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National Institute on Drug Abuse (NIDA)

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Monday, September 7, 2009
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Innovative Community-Based Prevention System Reduces Risky Behavior in 10-14 Year Olds
Communities That Care System Lowers Rates of Substance Abuse and Delinquent Behavior in Seven States

A randomized trial of Communities That Care (CTC), an evidence-based substance-use community-focused prevention system, showed significant reductions in the initiation of alcohol use, tobacco use, binge drinking, and delinquent behavior among middle schoolers as they progressed from the fifth through the eighth grades. The four-year trial, called the Community Youth Development Study, began in 2003 and has been supported by the National Institute on Drug Abuse (NIDA), part of the National Institutes of Health. The positive results, published in the Sept. 7 Archives of Pediatrics and Adolescent Medicine, demonstrate that community-based coalitions using customized evidence-based approaches can prevent the early initiation of substance abuse and delinquent behavior among youth.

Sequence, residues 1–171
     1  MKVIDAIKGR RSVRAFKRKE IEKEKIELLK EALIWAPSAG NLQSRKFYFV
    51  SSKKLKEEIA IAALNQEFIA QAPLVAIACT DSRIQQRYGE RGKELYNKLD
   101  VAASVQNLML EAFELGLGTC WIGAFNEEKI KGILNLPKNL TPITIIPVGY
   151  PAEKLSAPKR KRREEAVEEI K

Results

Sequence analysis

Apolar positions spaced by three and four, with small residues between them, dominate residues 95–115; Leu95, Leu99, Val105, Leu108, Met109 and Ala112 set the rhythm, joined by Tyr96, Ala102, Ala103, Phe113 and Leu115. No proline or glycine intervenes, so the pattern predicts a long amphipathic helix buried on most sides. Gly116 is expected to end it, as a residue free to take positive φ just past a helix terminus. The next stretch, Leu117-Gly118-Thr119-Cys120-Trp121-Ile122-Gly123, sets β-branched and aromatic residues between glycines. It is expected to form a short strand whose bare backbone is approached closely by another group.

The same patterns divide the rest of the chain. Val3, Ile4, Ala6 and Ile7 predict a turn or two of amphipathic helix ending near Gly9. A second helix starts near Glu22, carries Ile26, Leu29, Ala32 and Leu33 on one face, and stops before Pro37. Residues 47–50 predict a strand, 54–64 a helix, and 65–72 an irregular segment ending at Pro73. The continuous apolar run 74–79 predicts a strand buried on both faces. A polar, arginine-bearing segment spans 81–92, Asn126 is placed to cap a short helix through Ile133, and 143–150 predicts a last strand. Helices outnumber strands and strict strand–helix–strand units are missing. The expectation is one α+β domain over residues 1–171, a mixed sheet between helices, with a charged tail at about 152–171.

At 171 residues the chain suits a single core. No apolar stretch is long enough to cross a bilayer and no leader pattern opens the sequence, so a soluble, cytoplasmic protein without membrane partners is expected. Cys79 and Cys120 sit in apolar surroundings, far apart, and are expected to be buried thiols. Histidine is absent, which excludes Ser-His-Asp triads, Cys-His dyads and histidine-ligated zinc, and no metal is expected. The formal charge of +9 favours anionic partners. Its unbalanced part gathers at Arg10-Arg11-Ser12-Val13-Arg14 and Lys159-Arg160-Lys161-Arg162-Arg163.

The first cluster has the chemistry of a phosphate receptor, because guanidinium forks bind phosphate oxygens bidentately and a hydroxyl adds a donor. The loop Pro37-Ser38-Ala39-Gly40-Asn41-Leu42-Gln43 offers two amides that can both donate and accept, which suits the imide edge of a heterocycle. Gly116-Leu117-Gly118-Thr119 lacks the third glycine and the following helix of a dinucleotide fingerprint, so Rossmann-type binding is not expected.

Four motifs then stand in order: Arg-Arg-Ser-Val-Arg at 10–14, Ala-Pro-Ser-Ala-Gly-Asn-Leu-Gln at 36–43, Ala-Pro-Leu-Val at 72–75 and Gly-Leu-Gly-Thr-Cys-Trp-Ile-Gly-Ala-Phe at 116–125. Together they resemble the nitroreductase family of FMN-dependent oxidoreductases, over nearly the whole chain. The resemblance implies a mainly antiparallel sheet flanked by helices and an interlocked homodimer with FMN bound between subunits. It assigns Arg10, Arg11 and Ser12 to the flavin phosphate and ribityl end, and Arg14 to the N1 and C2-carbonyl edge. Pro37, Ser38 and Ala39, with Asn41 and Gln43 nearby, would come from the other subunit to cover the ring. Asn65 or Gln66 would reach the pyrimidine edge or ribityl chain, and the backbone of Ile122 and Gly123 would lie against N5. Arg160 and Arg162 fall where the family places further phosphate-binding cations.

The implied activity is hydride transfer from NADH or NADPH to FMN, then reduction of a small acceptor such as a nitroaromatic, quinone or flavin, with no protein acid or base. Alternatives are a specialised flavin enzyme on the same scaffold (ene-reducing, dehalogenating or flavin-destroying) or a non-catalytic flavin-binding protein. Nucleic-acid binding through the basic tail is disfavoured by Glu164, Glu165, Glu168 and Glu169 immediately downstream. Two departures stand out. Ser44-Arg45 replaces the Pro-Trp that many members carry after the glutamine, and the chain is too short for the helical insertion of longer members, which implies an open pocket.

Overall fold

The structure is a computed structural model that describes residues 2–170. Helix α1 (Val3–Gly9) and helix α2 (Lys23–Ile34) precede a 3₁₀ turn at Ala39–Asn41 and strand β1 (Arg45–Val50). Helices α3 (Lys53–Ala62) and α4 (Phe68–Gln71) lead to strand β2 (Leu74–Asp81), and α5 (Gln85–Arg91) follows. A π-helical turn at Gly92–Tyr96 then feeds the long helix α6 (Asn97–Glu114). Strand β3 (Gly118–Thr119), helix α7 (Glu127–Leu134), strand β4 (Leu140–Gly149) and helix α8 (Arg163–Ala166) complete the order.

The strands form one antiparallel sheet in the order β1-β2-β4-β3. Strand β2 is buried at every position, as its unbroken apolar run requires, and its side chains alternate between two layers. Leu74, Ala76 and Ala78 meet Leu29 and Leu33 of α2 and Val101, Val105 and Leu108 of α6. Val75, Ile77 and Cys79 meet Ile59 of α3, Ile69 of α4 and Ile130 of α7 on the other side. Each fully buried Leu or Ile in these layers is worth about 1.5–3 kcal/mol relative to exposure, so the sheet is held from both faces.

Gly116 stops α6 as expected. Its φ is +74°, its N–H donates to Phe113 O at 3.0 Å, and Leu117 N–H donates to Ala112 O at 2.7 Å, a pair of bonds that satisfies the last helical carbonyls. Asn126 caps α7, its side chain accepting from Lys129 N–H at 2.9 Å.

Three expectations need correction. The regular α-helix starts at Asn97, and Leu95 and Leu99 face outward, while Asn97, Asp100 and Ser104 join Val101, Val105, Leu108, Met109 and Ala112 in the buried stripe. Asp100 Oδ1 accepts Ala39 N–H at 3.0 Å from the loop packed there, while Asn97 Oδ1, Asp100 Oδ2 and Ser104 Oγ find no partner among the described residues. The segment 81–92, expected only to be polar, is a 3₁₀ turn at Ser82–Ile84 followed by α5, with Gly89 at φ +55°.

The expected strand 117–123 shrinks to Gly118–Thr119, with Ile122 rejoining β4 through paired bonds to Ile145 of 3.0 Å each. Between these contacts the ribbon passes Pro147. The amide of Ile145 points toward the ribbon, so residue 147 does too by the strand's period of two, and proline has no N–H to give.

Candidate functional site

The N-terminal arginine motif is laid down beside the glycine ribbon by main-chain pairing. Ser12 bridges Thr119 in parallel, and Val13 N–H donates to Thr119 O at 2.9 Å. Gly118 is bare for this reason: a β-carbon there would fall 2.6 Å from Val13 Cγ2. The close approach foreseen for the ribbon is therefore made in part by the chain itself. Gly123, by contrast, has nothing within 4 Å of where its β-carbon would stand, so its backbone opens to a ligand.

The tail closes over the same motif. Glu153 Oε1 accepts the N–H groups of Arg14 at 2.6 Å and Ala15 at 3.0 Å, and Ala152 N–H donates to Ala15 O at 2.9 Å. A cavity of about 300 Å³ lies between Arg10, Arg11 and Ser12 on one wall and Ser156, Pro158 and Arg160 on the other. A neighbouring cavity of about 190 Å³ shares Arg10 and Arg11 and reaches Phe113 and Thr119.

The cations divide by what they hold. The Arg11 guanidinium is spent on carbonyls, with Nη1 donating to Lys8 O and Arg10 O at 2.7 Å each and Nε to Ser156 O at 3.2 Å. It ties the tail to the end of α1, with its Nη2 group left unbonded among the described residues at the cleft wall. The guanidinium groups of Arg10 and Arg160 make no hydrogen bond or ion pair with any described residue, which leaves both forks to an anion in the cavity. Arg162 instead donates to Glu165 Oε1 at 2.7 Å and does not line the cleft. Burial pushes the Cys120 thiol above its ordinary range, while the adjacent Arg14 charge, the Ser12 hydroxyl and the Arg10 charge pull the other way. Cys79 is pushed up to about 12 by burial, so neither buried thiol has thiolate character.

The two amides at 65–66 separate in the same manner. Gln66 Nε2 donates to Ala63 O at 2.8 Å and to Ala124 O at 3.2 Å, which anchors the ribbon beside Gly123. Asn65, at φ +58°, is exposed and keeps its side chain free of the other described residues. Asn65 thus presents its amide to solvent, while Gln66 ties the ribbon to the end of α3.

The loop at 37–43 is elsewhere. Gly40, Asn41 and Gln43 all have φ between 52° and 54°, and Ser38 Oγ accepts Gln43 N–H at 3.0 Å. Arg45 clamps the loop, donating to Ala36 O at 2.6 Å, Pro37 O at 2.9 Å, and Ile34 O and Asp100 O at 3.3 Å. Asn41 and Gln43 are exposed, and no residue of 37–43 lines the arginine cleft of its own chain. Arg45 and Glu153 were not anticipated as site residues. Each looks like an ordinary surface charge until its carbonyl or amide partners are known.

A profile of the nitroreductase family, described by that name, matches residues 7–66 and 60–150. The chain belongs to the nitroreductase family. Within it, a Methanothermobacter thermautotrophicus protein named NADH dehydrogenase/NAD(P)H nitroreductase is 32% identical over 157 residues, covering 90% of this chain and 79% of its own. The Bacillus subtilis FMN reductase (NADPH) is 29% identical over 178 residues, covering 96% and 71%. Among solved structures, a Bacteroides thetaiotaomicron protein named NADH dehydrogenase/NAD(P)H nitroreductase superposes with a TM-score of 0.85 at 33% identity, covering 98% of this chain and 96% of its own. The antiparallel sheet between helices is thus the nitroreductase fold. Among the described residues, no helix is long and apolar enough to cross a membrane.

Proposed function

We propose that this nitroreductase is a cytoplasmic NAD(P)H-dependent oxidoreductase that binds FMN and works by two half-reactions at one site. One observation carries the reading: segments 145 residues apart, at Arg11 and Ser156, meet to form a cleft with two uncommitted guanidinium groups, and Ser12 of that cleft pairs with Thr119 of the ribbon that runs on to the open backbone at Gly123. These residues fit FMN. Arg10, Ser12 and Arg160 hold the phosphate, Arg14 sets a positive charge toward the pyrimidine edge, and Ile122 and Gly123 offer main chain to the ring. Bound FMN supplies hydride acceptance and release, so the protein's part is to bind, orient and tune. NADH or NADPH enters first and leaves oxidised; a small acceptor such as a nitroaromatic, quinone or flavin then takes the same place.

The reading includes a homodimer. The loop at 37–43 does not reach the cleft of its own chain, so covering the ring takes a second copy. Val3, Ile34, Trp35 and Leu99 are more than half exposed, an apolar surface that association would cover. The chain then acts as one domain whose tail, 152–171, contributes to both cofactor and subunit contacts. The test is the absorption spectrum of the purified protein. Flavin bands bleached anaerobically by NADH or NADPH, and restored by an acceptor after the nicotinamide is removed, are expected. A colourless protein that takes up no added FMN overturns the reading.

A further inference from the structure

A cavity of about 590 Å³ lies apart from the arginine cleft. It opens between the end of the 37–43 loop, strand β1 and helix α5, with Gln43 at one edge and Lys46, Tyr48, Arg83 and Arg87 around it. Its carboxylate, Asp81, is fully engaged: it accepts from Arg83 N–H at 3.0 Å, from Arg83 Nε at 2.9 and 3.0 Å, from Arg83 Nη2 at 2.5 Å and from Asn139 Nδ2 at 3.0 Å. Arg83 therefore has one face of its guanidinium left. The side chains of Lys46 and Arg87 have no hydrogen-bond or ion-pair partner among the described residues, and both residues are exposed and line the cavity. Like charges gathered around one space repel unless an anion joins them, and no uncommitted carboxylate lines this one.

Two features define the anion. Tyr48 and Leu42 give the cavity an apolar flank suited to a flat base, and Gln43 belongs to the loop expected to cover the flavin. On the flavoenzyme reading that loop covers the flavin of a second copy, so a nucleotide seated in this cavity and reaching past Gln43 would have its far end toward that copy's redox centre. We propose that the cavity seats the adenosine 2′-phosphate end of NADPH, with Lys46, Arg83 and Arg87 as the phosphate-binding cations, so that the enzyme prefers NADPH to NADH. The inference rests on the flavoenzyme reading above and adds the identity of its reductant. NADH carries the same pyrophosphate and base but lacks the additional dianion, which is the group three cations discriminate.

"The results of this trial confirm that tools do exist that give communities the power to reduce risk for multiple problem behaviors across a community," said NIDA Director Dr. Nora Volkow. "What makes Communities That Care unique is that it enables communities to identify their own special issues so they can hand pick the right prevention programs."

Prevention research has produced programs with efficacy in reducing the risk of substance abuse among youth, but the process of getting these programs into communities has been difficult. CTC helps individual communities identify prevalent risk factors for future substance use among their youth and choose evidence-based programs to address those risk factors across the community. Recent research shows that for each dollar invested in research-based prevention programs, a savings of up to $10 in treatment for alcohol or other substance abuse can be seen.

"If you want to prevent problems, address those risk factors that are elevated in the community with programs or policies that have already been tested and shown to be effective in similar populations," explained Dr. J. David Hawkins, founding director of the Social Development Research Group at the University of Washington and lead author of the study.